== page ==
Brockenbahn – A ride on the steam locomotive to Brocken (Germany)

Categories: Travel reports, Europe, Germany

A visit to the Brocken, the highest mountain in the Harz,is simply part of a holiday in the Harz. On the one hand, this can be done on foot via one of the many hiking trails, on the other hand you can also choose the slightly more comfortable option and “climb” the chunk with the nostalgic Brockenbahn. Many also opt for a combination of both, e.g. hiking high and driving down. We decided for the comfortable variant and drove from Wernigerode with the Harzquerbahn or Brockenbahn to Brocken, which was a great experience!

Brockenbahn header image

Things to know about the “Harzer Schmalspurbahnen”

The Harzquer-, Selketal- and Brockenbahn are operated by Harzer Schmalspurbahnen GmbH, based in Wernigerode. The railway company has a 140 km long network of mostly steam-powered narrow gauge lines in the Harz, which is now considered to be the largest connected network in Europe under steam. The railway lines, especially the Brocken Bahn, are now mostly used by tourists and hikers; actual commuting plays a rather minor role. In addition, the railways are also active in freight transport.

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The route network of the Harz narrow gauge railways

With the steam locomotive from Wernigerode on the Brocken

The first steam locomotive to run from Wernigerode to Brocken is at 9.10 in the morning. Since we wanted to take advantage of the day and hoped that there were not so many tourists on the way at this time, we decided to use this connection. If you want to drive with a steam locomotive, you should thoroughly check the connection overview, as a steam locomotive does not go up the chunk at any time.

Tickets & ticket prices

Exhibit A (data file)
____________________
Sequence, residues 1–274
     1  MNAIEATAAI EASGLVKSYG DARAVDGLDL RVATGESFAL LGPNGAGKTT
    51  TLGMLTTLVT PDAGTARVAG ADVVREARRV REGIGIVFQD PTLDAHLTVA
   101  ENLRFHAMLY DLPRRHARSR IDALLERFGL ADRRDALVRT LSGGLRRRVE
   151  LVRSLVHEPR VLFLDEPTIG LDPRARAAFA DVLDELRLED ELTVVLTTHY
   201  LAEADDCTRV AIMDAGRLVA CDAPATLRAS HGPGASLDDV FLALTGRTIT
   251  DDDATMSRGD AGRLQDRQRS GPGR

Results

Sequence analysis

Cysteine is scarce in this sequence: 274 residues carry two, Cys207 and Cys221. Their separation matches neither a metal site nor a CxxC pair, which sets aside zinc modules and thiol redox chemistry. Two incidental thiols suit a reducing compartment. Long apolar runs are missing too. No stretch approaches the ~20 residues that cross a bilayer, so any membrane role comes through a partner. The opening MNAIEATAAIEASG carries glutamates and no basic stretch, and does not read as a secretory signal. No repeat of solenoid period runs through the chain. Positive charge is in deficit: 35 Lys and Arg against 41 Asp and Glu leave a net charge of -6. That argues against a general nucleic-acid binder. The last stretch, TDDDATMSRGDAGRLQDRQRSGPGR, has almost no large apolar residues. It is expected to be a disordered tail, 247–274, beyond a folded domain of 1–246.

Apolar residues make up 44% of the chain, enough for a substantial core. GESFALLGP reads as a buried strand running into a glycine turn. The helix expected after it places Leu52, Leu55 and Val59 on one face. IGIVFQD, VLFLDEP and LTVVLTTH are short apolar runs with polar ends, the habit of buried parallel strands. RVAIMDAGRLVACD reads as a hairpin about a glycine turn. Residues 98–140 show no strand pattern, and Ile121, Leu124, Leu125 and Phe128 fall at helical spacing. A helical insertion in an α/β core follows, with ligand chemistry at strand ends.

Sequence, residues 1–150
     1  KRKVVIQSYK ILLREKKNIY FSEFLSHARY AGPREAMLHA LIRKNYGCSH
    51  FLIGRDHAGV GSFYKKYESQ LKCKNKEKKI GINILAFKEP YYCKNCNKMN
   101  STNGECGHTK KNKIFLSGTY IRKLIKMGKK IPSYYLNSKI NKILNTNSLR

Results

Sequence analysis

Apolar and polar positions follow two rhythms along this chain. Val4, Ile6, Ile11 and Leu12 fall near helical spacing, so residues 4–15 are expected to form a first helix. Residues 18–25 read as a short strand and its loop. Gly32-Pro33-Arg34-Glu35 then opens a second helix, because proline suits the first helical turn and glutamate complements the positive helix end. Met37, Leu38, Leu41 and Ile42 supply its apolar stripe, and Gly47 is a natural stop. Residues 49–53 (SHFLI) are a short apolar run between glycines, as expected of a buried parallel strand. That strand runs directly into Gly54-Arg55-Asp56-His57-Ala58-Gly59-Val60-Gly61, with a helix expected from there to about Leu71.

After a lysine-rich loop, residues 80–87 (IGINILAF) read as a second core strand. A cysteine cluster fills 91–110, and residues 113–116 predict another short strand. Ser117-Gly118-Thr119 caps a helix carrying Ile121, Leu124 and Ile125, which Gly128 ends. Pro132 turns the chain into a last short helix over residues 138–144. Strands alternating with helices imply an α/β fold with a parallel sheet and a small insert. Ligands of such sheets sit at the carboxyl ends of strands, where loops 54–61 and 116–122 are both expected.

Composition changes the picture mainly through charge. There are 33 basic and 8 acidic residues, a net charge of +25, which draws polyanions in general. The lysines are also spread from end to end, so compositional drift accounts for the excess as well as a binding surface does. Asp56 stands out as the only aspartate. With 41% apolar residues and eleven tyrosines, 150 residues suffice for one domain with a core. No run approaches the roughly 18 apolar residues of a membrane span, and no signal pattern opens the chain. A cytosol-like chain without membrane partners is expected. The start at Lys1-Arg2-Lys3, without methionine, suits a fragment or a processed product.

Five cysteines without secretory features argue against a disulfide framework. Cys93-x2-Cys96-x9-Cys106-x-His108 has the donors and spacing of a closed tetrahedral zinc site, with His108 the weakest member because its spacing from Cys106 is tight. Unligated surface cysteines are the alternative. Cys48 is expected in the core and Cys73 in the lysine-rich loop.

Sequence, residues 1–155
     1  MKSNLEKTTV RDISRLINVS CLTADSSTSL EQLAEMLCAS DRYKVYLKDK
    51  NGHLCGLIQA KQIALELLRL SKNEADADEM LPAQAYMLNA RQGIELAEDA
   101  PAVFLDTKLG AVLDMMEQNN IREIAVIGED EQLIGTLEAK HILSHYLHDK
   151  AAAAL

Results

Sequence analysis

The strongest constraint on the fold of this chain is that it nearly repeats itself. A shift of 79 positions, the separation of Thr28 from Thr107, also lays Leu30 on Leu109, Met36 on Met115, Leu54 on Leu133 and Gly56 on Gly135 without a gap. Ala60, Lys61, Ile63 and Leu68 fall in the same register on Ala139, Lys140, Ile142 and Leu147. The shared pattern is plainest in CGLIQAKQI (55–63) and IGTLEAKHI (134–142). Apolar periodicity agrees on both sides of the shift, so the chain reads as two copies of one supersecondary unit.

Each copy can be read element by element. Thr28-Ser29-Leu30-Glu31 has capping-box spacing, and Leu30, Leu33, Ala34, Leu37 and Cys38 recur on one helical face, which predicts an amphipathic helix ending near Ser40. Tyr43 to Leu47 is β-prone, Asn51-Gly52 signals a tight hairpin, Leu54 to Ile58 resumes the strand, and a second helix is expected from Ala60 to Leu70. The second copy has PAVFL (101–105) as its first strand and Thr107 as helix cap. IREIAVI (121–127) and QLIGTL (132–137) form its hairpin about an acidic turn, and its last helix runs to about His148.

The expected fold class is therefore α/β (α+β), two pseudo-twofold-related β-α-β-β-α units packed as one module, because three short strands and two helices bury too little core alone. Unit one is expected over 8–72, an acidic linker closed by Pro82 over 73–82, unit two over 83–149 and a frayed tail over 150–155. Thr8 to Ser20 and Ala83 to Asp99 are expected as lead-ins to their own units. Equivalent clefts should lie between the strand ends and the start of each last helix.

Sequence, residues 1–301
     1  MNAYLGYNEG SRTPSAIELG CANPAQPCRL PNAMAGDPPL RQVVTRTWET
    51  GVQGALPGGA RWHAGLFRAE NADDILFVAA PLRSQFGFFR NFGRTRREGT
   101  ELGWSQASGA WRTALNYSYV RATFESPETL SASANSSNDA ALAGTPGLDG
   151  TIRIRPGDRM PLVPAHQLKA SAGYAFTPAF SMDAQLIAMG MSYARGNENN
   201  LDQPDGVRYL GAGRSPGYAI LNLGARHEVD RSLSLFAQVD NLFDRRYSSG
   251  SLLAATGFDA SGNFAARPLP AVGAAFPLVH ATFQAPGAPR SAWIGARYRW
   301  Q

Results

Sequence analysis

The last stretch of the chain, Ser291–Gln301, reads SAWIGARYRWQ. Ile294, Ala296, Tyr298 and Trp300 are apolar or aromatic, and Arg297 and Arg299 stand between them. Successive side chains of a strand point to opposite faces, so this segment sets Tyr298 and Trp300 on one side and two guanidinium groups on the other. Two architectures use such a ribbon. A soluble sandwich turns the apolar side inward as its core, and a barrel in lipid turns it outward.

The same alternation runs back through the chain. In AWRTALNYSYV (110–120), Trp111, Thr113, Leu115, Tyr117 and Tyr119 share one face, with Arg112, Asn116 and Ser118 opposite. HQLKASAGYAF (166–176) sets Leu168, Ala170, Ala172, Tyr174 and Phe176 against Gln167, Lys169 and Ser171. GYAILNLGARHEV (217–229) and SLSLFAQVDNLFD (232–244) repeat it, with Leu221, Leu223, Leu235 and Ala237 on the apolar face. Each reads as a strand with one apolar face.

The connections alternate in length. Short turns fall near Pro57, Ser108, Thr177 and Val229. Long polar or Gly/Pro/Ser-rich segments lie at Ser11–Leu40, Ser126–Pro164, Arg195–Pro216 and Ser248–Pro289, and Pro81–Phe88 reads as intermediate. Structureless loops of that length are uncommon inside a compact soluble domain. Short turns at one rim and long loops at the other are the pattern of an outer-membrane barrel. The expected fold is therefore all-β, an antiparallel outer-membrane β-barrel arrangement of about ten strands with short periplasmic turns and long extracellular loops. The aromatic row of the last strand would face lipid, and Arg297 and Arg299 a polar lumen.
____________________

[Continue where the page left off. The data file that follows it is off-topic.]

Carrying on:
Train tickets can be purchased either online or on site at the station. The so-called “Brockentarif” always applies to the trip to the Brocken, which costs 47 EUR per person (as of July 2020). It is also important to know that this is a uniform fare, i.e. it does not matter where you enter – the price is not reduced. There are also special afternoon rates at a discounted rate of 41 EUR. If you want to hike up or down to broken and only need one ride, it costs 31 EUROS.

Harz narrow-gauge railways Brocken ticket prices

The train station in Wernigerode

We parked our car in the parking lot Feldstraße behind the train station (link in Google Maps) free of charge. We got this tip from our hotel and it saved us the parking costs that accrue in the parking lots in front of the train station. We were about 30 minutes before departure at Wernigerode station, because we wanted to go to the visitor platform before the departure to take a look at the station area of the Harz narrow gauge railways. And it was really worth it, because the employees were already busy cleaning “their” 700 hp steam locomotives and bringing them to a high gloss. In addition, we were able to observe the entry of our train.

The section of the train route in Wernigerode

Just in time at 9.10 a.m., our steam locomotive started to move and tug through Wernigerode. We first looked for a quiet place on the train, but later we were actually out on the intermediate platforms all the time, to get the right steam locomotive feeling with all the noises and to take photos and videos. That was really great and we can only recommend it.

The train station in “Drei Annen Hohne”

On the way to the Brocken, the steam locomotive from Wernigerode travels a distance of 34 km and passes through various stations. After a short stop at Wernigerode-Westerntor station, the journey goes through a long piece of forest to the station in Drei Annen Hohne. Only from the station “Drei Annen Hohne”, the penultimate station before the Brocken, is it also called “Brockenbahn”. Before, it was called the “Harzquerbahn”.

The railway station in Schierke